A Letter From the WILD.- By Phusathi Liyanaarachchi


To the Human reading my words,

I am writing to you as I lie on my solitary Tamarind tree, as I do on most of the evenings. This tree has been my equivalent of your favorite coffee stop.

Instead of coffee, I feast on the beauty of the sunset and the birds flying towards the sun.

I look at the never ending stretch of skies and I wonder how such a bird would taste like. Because that was who I am; A Predator by nature. My full name is Panthera pardus kotiya.

But you can address me by my first name, “Kotiya”. For that is the kind of relationship you and I have. Aren’t we siblings after all? Both being children of Mother Nature. The difference is I am four legged while you are two legged, and of course intellectually supreme.

The difference extends, we hardly feast our eyes on your kind for hours and hours scorching in the sun, just to capture a single photograph.

I hear your skyscrapers are grey, where as ours are green, and my! They say you prefer concrete to treading on Mother Earth with your bare feet

Something I cannot even imagine.

That is the most wonderful feeling on Earth for me, well you might say that I do not have the potential to feel in the first place. But what little I feel. I feel with all my paws.

I hear your water is bottled, and that your food is packed.

We look for our meals on our own.

And, I live in the largest National Park in your country. Perhaps you do know my home, what with all this attention you have been giving it lately! Wilpatthu, The land of Lakes.

It was established as a National Park in 1938, but our kind has been roaming these lands long before that.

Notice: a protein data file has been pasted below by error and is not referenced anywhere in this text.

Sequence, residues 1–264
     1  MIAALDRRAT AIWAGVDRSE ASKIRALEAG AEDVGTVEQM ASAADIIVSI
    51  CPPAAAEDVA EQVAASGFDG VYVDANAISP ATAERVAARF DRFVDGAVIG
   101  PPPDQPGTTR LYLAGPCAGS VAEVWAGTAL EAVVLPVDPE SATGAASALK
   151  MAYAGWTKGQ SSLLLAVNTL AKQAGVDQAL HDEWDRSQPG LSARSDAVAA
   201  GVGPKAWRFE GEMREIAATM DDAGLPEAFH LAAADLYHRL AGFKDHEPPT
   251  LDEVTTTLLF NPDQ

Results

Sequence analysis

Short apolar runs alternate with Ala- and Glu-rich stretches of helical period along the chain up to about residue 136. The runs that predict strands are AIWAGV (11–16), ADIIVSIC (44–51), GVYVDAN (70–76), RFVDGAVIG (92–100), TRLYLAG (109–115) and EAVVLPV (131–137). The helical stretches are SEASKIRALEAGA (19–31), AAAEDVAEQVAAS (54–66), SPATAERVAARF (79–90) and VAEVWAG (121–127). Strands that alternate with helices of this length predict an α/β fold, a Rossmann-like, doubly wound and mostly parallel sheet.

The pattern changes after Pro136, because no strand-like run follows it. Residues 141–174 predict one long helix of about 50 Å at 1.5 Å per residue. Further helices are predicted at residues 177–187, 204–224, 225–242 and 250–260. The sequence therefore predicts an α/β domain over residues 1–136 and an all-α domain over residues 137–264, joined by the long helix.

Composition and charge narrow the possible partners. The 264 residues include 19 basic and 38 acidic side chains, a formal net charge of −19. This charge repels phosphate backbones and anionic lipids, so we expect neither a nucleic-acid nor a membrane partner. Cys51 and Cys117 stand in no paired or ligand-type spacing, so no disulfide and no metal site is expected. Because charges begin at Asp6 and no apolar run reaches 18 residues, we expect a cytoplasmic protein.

There are a plenty of us living here, you lost count of us during the days of war. Because back then what was important was a subspecies of your own kind addressing themselves by our name. But who were we to be offended. We were only beasts.

True, you’re Prince Vijaya and Queen Kuveni fell in love in these lands, and that they began your Nation. But Mother Nature began us. The same Mother Nature who began this lands, these rivers, these waterfalls that you enjoy once in a while, when you go sightseeing on Vacation.

I have almost given up wishing that those visits you pay us, might in some way strengthen our bond.

But for you it has become yet another power game.

We are territorial predators. Leaving our mark in our habitats.

Trees, our favorite signposts. I do know that it is not as sophisticated as your methods.

But what could beat those Electric Fences of yours!

Lately as I’ve been sitting on this tree I’ve been hearing a distant sound.

A sound that frightens my cubs, that sends chills down my wife’s spines that rattles our very spots.

The sound of you making your mark on our trees.

It was ten trees today.

Wouldn’t it be twenty tomorrow, and thirty the day after?

I am sorry for I do not know my numbers, but if you mark as much as you could count,

Where would it leave those of us who cannot count?

We are not asking much.

In fact, we are not asking anything at all. But tell me, if one of my kind intruded your own habitat, wouldn’t we be held at gunpoint, wouldn’t we battling our own lives? All those elephants who come into your villages! How many of them escaped alive?

Yes, we are not human.

Yes, we are not destined to be as great as yourselves.

But do we not deserve to live our life on Earth in peace?

Were we born with beautiful spots on our backs, just to be displayed on your coat racks?

Just know that the closer you get to our habitats, easier it will be for those of you who hunt us for pleasure.

Yes, what do I know? A predator! I am one of the most ferocious hunters.


We hunt for survival.

 Survival is the only goal in our bucket list.

Whereas you measure pleasure in the numbers in your pockets, the acres in your deeds.

We were born free, we roam free.

We might not own the legal documents to our habitat, but for us it is a birthright,

The essence of this Earth runs in our veins.

Every time we roar, every time an elephant trumpets we are calling out to the very depths of Mother Earth.   

The difference between you and I is, we were born beasts, while you weren’t.

We may not speak. But we listen.

We hear the wails of the trees when your axes hit their cores,

We see the tears in the grains of sands under our feet.

And sometimes,

At night we cry too.

But you aren’t Beasts.

You wouldn’t understand.

With Love,

A Kotiya you perhaps might have seen.


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